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Nalesd~ay In Dar~eh. 1916,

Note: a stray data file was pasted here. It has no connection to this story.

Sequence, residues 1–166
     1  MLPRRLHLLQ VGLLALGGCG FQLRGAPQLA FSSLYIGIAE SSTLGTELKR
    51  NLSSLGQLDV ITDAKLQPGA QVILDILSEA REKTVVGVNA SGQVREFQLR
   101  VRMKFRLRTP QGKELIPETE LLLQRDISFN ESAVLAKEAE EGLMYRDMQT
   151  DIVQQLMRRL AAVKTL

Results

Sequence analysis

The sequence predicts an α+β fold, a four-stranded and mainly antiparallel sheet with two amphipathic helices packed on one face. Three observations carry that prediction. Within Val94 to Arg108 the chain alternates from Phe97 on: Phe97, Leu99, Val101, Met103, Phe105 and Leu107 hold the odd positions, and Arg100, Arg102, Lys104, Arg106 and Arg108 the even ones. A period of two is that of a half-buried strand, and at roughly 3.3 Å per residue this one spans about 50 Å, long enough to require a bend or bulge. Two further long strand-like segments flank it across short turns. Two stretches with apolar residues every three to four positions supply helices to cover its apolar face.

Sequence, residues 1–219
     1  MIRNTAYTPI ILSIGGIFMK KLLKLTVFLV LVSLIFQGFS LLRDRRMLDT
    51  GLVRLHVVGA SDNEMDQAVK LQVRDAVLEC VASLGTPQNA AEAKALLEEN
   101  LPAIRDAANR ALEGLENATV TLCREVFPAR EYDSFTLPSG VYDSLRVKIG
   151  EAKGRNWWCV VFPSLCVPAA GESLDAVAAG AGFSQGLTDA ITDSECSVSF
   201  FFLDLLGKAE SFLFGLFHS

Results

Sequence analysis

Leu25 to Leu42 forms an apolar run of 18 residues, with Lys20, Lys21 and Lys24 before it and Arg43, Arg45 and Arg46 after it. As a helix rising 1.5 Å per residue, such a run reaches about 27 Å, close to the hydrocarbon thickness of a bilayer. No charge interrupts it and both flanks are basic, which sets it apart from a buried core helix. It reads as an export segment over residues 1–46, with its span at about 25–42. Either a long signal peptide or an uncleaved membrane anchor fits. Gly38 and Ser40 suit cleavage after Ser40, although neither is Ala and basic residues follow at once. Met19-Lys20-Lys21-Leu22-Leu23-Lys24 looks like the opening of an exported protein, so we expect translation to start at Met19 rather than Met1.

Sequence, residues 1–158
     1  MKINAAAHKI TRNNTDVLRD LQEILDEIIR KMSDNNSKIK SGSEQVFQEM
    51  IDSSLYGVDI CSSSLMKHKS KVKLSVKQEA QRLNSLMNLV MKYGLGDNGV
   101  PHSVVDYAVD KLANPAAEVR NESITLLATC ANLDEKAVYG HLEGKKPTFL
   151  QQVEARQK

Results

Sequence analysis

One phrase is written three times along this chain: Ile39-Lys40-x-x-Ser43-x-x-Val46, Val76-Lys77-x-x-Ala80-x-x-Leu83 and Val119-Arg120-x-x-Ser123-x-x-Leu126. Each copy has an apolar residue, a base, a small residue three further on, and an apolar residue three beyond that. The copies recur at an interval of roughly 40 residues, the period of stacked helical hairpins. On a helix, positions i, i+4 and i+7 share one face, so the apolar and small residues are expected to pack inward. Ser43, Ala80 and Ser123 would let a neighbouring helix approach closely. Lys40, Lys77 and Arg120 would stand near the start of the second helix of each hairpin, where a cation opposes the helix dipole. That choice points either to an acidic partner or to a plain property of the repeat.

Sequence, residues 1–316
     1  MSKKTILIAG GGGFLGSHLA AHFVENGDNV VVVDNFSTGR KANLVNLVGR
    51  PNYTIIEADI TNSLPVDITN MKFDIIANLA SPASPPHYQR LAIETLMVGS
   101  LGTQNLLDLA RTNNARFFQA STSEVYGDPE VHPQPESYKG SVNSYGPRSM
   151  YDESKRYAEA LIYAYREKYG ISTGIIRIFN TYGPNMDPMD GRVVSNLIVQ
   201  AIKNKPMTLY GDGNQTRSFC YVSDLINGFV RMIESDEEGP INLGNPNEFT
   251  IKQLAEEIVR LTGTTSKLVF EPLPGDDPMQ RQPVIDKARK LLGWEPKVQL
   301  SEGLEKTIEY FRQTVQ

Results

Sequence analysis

adof tie personal. . L. 0n, deceased, the g rea, stteI Pikens eouny to.wlt: All-tat tract of 'land n said county Sstate, in Central s on ite~en -Mile creek,-toe, 4gtef () acrsof n d eced Wmthu *cestd iand oers, t . wit: iAlyescra f'ibed in Deed age 21 in Deed Book "00," page 877. and tate)o 19 f aper a p order in the case of Mary Cl ton indidually .and as executrix of. . 3a deceased, vs. Ciy, ational et al., assed in Probate et o-f and county and state. Feb. 6, 1916.. J. B.'.NEWhERY,* . 48 J, So9 Trustee tie The voters.of all school districts of the county are hereby authorized to v ~eeet at. their respective voting places a their school districts Saturday, March - -1916, for the purpose of nominating 4e trustees to serve for the next two . Rules governing a primkv'.y eler shall govern this one.. PoJ1s to opeit at 1 o'clock and close~ at 6o cook -Iv the afternoon. The managers m open ..the polls earlier if they findalt necessary. The trustees-are appointed rmanagers of said election, with the .power of appointing a subgtltuft6.The '"_It of the election to be forwa4ed to the County Board of Education within * ie dsys'after election. By order on the County Board of Ed ucation. R. T. HALLUM, Supt. of Education. !Jotice of Election ,'.2K: Wlereea,: a pettiO ,om the -frde holde- - e.let8i of Grove -School District o. 49 has been filed with the *unty Board of Education asking that a- election be held to determine whether as 4dditional special levy of 2 mills shall be levied on said district for school purposes. Therefore, it is ordered that the trus tees of the above-named district do hold an election in said district on the 4th day of- March, 1916, at the school house. The trustees are hereby appointed man agers, the election to be conducted in aiecordance with section 1742 of the gen ee statutes. By order of the County Board of Ed ucation. R. T. HALLUM, Secy. and Chairman. Citation State of South Carolina, County of Pickens. By J. B. Newbery, Probate Judge: Whereas, A. J. Boggs, C. C. P., made eit to me to grant him letters of admin istration of the estate and effects of David Lesley. These are, therefore, to cite and ad monish all and singular the .kindred and creditors of the said ,David Lesley, deceased, that they be and a pear be fore me, in the court of Proba , to be -eld at Pickens, S. C., on the . h day of March, 1916,. qext afr Opubl ation Aiere, sil o'clock in e foreno ' hw cause, if igny they have, %yh . d aidministration should not be gran . Given under my hand and sea this 8d day of February, Anno Dorini, 1916. J. B. NEWBERY, (eal) 46 . J. P.P. C. Notice of Einal Settlement and Discharge Notice is hereby given that I will make application to J. B. Newbery, Esq., Judge of Probate for Pickens county, in the State of South Oai'olina, on the 28d day of March, 1916, at 11 o'clock in the forenoon, or as soon thereafter as said application can be healrd, for leave to make final settle ftnent of the estate of W. F . L. Owen, deceased, and obtain discharge as ad ministrator of said estate. Mas. LUELLA OWEN, 46 Adn9inistratrix. Citation State of South Carolina, County of Pickens. By J. B-Newberv, Probate Judge: Whereas, M. B. Thoeiand N. B. ;Boe made suit to me to grant them letters of *administration of the estate and effects -of J. T. Roe. These are, therefore, to cite and ad mionish all and singular the, kindred and creditors of the said J. T. Roe, de eeased, that they be and appear before -me, in the Court of Probate, to be held at Pickens, S. C., on the 9th day of March, 1916, next after publication hereof, at 11 o'clock in the forenoon, A to show cause, if any they have, Why said administration shoula notbe grant ed. Given under my hanid add sea) th s 15th (lay of February, Anno Ilbrdini. 1916. .LB. NEWBERY, Sa) 43 J._.P.C. SWood's Productive *Oule riagrowkSeed Corns have an established reputtation for superiorit -in productiveness and germ ng-~ ung qualities. 4 . Wood's Descriptive Catalog i ls -about the best of prze..wln i nad profit-making vatieties in 1 bot Wite end Yellow Corns. Cotton Seed. We offer the best anitiibdi im 'roved varieties, grown iz Aectons absolutely free fom ,~lweevil. IOur Catalog gives pricE4~ ~ fr mwation, and tells- about - *t of Southern Seedd, 10.DAY, VELVE~T BEANS, Spja - fleans, SUDAN GRASS, Dallis Gras* *and all Sorghums and Millets. Cantalog mailed free on request. T.W.WOOD & SONS, n ~ e reting Statement by One of the FA Men in the brug Business A. E. KIESLING of Houston, Tex'as, says: "If you have a. muddy complexion and dull eyes, you are constipated. Six glasses of water daily and one or two Rexall Orderlies at night will correct this condition and make you 'fit as a fiddle.' Xtexall Orderlies, in my opinion. are the best laxative to be had, and can be taken by men, women or children." We have the exclusive selling rights for this great laxative. PICKENS DRUG CO. THE REXALL STORE RECIPE FOR GRAY HAIR. To half pint of water add 1 oz. Bay Rum, a sgiall box of B3arbo Compound, and % oz. of glycerine. Apply to the hair twice a week until it becomes the desired shade. Any druggist can put this up or you can mix it at hono at very little cost. Full directions for making and use como in each box of Barbo Compound. It will gradually darken streaked, faded gray hair, .and removes dandruff. It Is excel lent for falling hair and will malke harsh hair soft and globsy. It will -not color the scalp, is not sticky or greasy, and does not rub off. -(Advertisement NEW SAN ITA r;V . ULL WRIGHT 1' POUND9~1 pair 0 11. P lows tonvo' j.i&Holo tedNe ,1''! e sanitai - mathre. set;Fcatlwr prooffickln. -~'d on money back guar anteo. 00 NO'( -tiV from anvOno atal price. untilyo. 1 the ' T ourbignewcalwilor malle:*: tAX5* Write a postal arTDAY. ontswHvILLN. .J..lMeS'V~iNSAMt MU.RAIG Oreonvillc. H. C. Pickens, 8. V. McSwain & Craig LAWYERS Practice in State and Federal Courts Greenville Office Phone 210 Pickens Office Phone 89 J. ROBT. MARTIN ATTORNEY AND COUNSELLOR AT LAW CORNE.R HROAID AND MAIN sTREETS GREE INVILhEl, S. C. PRACTICE IN ALL COURTS Phones . Resice 1 - The Idea I Laundry East Mc~ee Avenue, Greenville, 6. C. High Class Laundry Work of All Kinds Dycing and( Cleaning a specialty. WeT~ make that old suit Jook like new. We are prepared to do the work and (do not tear up gar mnents. Patronize our agents and have your laundry delivered at B. B. PORTER, Ageznt, At Porter's Barber' Shop, Pickens HO WARD SWEET, Agent, At Free's Barber Shop, Easley. Reading by Lamplight Are you equi[ped so that you can employ the evening hours to best advantage? Reading and wvorking with the eyes unassisted by proper glasses is a TASK to many. It is a PLEAS URE to OURn PATIENTn Le t us'equip you with a pair of glassesthat will make reading and close work a pleasure to YOU. Consult us about your eyes.. GLOBE Masonic Temple, Greenville, S.C.' A. A. OnoM, President. A. H SOIIADE, Sec. & Treas. Consulting Optometr sts IAnnouncementsI Candiatards is art1ed in this comn for 0. S. STEWART is hereby announced as a candidate for the office of Clerk of Court of Pickens county subject to the rules and regulations of the Democratic party in the primary election of 1916. .hand. JoiP A. Ho1 f Nelton, candidate for pongress fro this district, has given outthe fellewlngletter discuss. Hig import6 it qiftionsi. I am sLrungly In favor pf labor unions. It 0s the i%4,glven right of every man, andshis right as a: citizen of: this great country, to organize and unite with his lellow-men for.te.apurpose of improv g phis conditions iha general. No man will dispute this as a general propo sition. It fs.as natural for men to or ginize for the general uplift of all and for the bettering of conditions and sur roundings as it is for witer to run'down hill. Let's look around, vgt ourvery doors, and see what we find along this line. The -cotton mills, doctors, dentists, law yers, Ymerchants, bankers and hundreds of other trades and ptofessions have their organizations. ,Then why is it wrong for the mill operatives to organ ize? Why is he alone singled out as the one class of our citizens "who shall not organize" for the betterment of his con ditions? It seems to me very short sighted policy of some of our mill presi dents to pursue the policy some have the past months. Would it not be better for them to say to their help, "Yes, go ahead and organize, try and8select the best men from your ranks for officers and committeemen to represent you, and when you have any grievance or com plaint to make, we will meet you half way. We will talk the matter over, hear your side of the case and then pre sent our's, and as reasonable men we ean get together and adjust the matter.'' rhis seems to me to be the righticourse to pursue and when anything is founded upon right you stand upon very high ground. It is a shameful state of af Cairs when white men, living in a free :ountry- "The land of the free and the rome of the brave"-are actually afraid to mention a word, above a whisper, in favor of labor unions for fear of being immediately turned off and thrown out >f employment. I do not vouch for the ruthfulness of the following, but it is generally talked that if a man takes any part in the getting up of a union, or 3ven speaks favorably of them, his job s gone. And it is a very difficult mat ter to get another position with any of the mills in this section. If this be true it is the rankest sort of oppression and should not be tolerated. I hope it is not true, for it is so unreasonable on its very face it is hard to believe business men would act so foolishly. Any person who would transmit, by phone or letter, the name of any man who had been dis charged for the reason he was in sym pathy with labor unions ought to be lia able.criminally and any mill which aoun. tenances any such act should be liable for damages. It is an outrage that free white men should be hounded from pil lar to post in any such manner when he is only exercising his right as a citizen of this great country -the freedorm of which we boast so mu<.h. I say to the mill operatives to o 'gan Ize. The longer you put . off just so long are you standing in youm own light. The masses of our people, both town and country, are at our back. If our mills continue the course in which they have started they will soon find them selves in the very unenviable position the railroads deliberately placed them selves by the way and manner they treated the public a few years ago. They soon discovered the short-sighted ness of their policy and set about put ting their house in order. But it took a long time and they had to reap their bitter reward. I have heard that some of the mills of the Piedmont section of our state have about decided it is the wrong policy to fight the organization of their help and to accept the situation and meet it as men should. This would seem to be the only rational course for them ' > pursue. It is not much trouble to get along with men who actually work4 for a living when you treat them like human beings. The majority of the help in many of the mills in this section when shown that conditions do not war rant any advance in wages would accept the situation gracefully. All they would want, and they have a peorfect right to be shown, that conditions were truth. fully represented as to profits. When times are hard and no profits can be made at the present wage-whatever that might be-the help, when showr actual facts, would be willing, as a sonable men, to share in the depression. Then, when conditions is improved and the margin of profits increased, it Is nothing but right that labor should share In the increase. I have noticed In the papers of late that several of the New England milhi have granted increases In wages, giving BISCUIT Supply energy. Build blood and muscle. Give vigoro brainand nerve. Nearly twice the food value per pound of the best steaks. Cost much less. Me im Ja~ne roh Wq~' ieo~r Rural il P ery as the reason profitesere better. This was done without a "srkk'' on the partof the operative, too., Tbis sldws what can be done when peopld'ptie a live-and-let-live policy. As to the postoffico departme tion In disturbing the rural free delivery service by trying to combine two 'Outes in one and have the service rendered in automobiles, it seems to be meeting with much opposition wherever it has been tried out. It seems to me to be a very serious mistake on the part of the postoffice officials. It means for one of the old routes to be served a good por tion of the year by a sub-carrier, and that means inefficient service. The rural free delivery is the greatest thing the national government has ever given the masses of our people and for the government to badly cripple the service under the false notion of trying to econ omise is simply deplorable. It is to be hoped that enough congressmen and senators will make such a vigorous pro test that it will be discontinued and the routes that have been changed put back as before and each carrier given his same place. Sam Nicholls is doing his best to stop any contemplated changes in his dis trict. Let us hope he miy be success ful. The postoffice department is about the only branch of the government that is in any way near self-sustaining. Then why do ..anything that will in any way hamper .the service to the country peo ple? JOHN A. HORTON. Belton. Honor Roll Pickens School FIRST GRADE Honor Roll-Margaret Valley, David Gantt, Claud Seawright. Distinction List-Edith Hames, Helen Langston, Emily Nealey, Annie Mae Stewart, R. L. Davis, Grady LaBoon, Lewis Thompson. SECOND GRADE Honor Roll-Nannie Bowen, Nan Newton, Margaret Richey, Hester Yongue, Eugene Alexander, Wyatt Stewart. Distinction List- Lennie Cantrell,Ver non Cox, Roscoe Henderson, James Stewart. THIRD GRADE Honor Roll-Margaret Bivens, Ruth Gravlev. Distinction List-Mary Helen Nealey, Ethel Porter,'Thelma Seawright. FOURTH GRADE Honor Roll - Daisy Bivens, Essie Stewart. Distinction List- Kathleen Adams, Louise Bowen, L. C. Craig, Ellen Free man, Helen Griffin, Athalie Hallum, Lois Hames, Emma Henderson, Nita Belle Johnson, Mary Maude Stewart. SIxTH GRADE Honor Roll.- Eula Stewart, Eva k'ree man, Mary Hfalium, Elinor McDaniel, Emily Thornley. Distinction List-Ernest Craig, Price 'McLean, Sara Mae Freeman, Edna Por ter, 'Eunice Cameron, Claudia Welborn. SEVENTH GRADE Honor Roll--Ivy Mauldin, Malinda Porter, Mary Robinson, Melanie Thorn ley. Distinction List-Charlie Cureton, Ethelyne Gantt, Richard Hallum, Aus tin Nealey. EIGHTH GRADE Honor Roll--Agnes Edens. Distinction List-Cleo H allum, .Elea-. nor Earle, Ellen Finley. NINTH GRADE Distinction List-Margaret Garland, Harrison Edens, Joe Frank FreemancF . Glassy Mt'n. School Honor Roll First Grade-Ethel Clark, Ernest Les lie, Elbert Leslie, Guy Simmons, Julia Leslie, Royce Pace, Frank Childs, Joe Hughes, Leroy Childs, Zelpha Bearden, Ralph Anthony, Webb Chastain, Henry Holeombe, Geot-ge Holcombe, Lillian Hayes, Willie Hayes, Frank Anthony. Second Grade-Clovic Leslie, Robert Leslie, Alma Hayes, Lizzie Mae Hen dricks, May Boggs, Furman Chastain, J. B. Hughes. Third Grade - Florence Hendricks, Parker Hendricks, Furman Simmons, Lucille Anthony, Mary Chastain, Agnes Leslie, Eva Anthony. Fifth Grade-Jim Ed Hendricks, Cleo Anthony, Bettie Leslie, Pauline Hughes, Tirzah Hughes, Clarice Pace, Margaret Hendricks, Lois Hendricks. Sixth Grade-Lizzie Anthony, Jennie Pace. Seventh Grade-Oscar Chastain. Eighth Grade- Frances Hughes, Ber tran Anthony, Ernostine Hendricks, Verona Mae Anthony. MATTIE BOWEN, Prin. LILLIAN FARMER, Asst. Artificial Eyes. -With the largest stock in the state, with the services of one of the most noted eye-makers iun New York, producing for us special made-to-order eyes, enables us to sup ply our patients eyes of any size or color with lifelike movements. The Globe Optical Company, Greenville, S. C. For Male.-.,-Some choice Berkshire and Essex pigs, ready for deliver~y. Pickens. 5. ER W. PIKN VA j. v~ J . I SATURIkY, MAR. S AT tO:MO A. .. * AUCMN El_ Earle PIe 14 SFM ARM I _21, EA yTERMS The Wm 6oldsmith (6o1. SALES AGENTS" "GREENVIL S ( @V THEUNIVERSAL CAR O -in low first cost and small cost to operate ECONONY and maintain. Strength-ability to stand up underthe hardest. o 61 use.' Simplicity-a plain -sturdy motor in a wonderfufly rpg and light car, easy for any one to run and care for. The Ford car-your necessity. Runabout $390 Touring Car ____$440 .0. O. DETROIT. B. L. HENDRTX* Pickens, S. C. PICKENs R ANI PICKINS, S. C. Capital 4 Surplus $60,000 IntbestPaid eu Deposits J. McD. BRUJCI ..FRANK McFiAI I President .Caishier THE RFNOWEE BANK PTCEENS, S. C. SSfem Sound and PIr@greSsiV* We solicit your. bapki business and will show you every courtesy and convemie:econsistent with sound bankiug pri. ciples. Five per: cent interest paid on Savings Deposits. , 'J. P. CAREY, President. JNO. C. CAREY, Cashier. Big| Horseand Mule Sale! *AT AUCTION! -AT PICKENS, S. C., Saturday,';March 4, 1916 A Carload of Jleses an~d Mules for the ___ Highest Dollar . This will be your.c4ncetS buy and save long feed bills ~~ time prices. You get them. direct from the farms of lssou and Illinois. .. Every horse and i i be sold under an absolute guara. tee to be exactly aa represen~ted. D~on't fail to attend thfssale, and don't forget the day--S~T URDAY-and the date March 4, 1916... 0. J. Dougla Greenville, S.